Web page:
FIG. 5 shows the preferred embodiment of the arrangement 1 according to the invention. This arrangement puts into effect the sequential processing of the elements in accordance with the direction of scan of the camera, which is indicated by the arrow FH1 in FIG. 2 and also the processing effected in the opposite direction, which is indicated by the arrow FH2 in FIG. 6. It will be remembered that this duel processing is suggested in said patent application Ser. No. FR-A 2,602,387, U.S. Pat. No. 4,809,349.
The arrangement of FIG. 5 comprises a first estimator block 200 which has already been described with reference to FIG. 1 and a second block 250 of an identical structure. The block 200 effects the processing in the direction FH1 and to that end its input is connected directly to the input 3. The block 250 effects the processing in the opposite direction, that is to say in accordance with the direction FH2 and to that end its input is connected to the output of a picture element inverting circuit 270 constituted by a memory of the LIFO type which is connected to the input 3 and consequently inverts the direction of the elements of a line.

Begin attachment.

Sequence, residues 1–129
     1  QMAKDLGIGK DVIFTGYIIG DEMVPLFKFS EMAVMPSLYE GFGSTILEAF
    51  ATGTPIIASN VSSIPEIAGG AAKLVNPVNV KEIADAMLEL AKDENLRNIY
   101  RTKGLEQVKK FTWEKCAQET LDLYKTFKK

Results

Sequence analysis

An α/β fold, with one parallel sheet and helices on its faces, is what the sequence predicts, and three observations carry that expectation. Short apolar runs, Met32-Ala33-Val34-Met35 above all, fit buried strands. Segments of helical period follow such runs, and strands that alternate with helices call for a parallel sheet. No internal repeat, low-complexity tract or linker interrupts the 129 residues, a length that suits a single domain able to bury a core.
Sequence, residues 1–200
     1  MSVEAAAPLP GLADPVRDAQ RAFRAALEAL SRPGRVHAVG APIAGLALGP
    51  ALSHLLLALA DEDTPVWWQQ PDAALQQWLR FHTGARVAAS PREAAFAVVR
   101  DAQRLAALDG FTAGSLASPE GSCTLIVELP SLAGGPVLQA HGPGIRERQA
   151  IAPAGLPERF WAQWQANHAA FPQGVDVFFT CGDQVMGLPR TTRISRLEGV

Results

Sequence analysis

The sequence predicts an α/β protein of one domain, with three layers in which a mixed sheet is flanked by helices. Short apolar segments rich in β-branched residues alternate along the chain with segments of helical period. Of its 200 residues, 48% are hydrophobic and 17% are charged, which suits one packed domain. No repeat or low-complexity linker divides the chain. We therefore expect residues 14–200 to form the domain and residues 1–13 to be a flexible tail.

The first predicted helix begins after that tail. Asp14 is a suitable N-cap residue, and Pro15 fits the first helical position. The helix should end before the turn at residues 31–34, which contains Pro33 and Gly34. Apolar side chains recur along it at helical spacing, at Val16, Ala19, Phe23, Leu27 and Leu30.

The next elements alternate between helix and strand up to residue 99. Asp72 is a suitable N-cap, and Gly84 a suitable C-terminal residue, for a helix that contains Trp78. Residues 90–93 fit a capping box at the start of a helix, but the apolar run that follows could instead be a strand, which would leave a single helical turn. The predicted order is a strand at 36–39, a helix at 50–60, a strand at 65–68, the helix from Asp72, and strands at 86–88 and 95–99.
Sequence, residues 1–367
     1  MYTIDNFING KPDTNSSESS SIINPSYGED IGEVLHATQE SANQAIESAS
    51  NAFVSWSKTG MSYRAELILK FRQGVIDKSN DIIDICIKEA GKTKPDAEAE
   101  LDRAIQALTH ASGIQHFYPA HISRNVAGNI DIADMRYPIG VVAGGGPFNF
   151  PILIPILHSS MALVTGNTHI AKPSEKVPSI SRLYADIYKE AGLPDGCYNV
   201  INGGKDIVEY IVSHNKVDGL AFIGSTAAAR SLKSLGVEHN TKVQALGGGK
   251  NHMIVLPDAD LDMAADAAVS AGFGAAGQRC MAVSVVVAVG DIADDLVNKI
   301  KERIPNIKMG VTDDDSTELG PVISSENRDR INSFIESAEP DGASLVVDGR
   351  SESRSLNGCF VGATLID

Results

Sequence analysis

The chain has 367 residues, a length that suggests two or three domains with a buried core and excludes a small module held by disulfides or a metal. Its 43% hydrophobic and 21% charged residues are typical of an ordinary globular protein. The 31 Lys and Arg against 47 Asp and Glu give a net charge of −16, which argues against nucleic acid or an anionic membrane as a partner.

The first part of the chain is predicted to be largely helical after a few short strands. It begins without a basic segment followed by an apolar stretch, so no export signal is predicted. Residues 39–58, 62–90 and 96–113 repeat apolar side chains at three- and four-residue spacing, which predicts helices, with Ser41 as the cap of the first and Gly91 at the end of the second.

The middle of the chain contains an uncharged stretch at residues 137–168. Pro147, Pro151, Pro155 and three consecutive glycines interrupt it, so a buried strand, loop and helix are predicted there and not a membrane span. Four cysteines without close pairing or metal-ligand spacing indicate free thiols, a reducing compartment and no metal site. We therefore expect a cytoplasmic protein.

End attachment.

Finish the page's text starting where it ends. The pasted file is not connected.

An output block 300 supplies the most appropriate background value from the output 12 and from its second outputs 8a and 8b it provides the indication that the processed element is a target (output 8a) or not and furthermore provides an indication of the nature of the target (whether it is brighter or not so bright, warmer or not so warm as the background), (output 8b). So as to enable the output block 300 to process the elements in a coherent manner, a further picture element inverter circuit 305 is provided between the output of the block 200 and the associated input of the block 300. Different delay elements 310 and 312 are added to the input of the circuit 270 and to the output of the circuit 305 so as to take the different processing durations into account. A first background value F1 is obtained at the output of the delay element 312 and at the output of the block 250 a second background value F2, which are both applied to the inputs of the block 300, accompanied by the luminance value L(i, j) obtained from the output of a delay member 322. The arrangement of FIG. 5 may further have an output 330 connected to the output of the memory 270 via the delay line 322.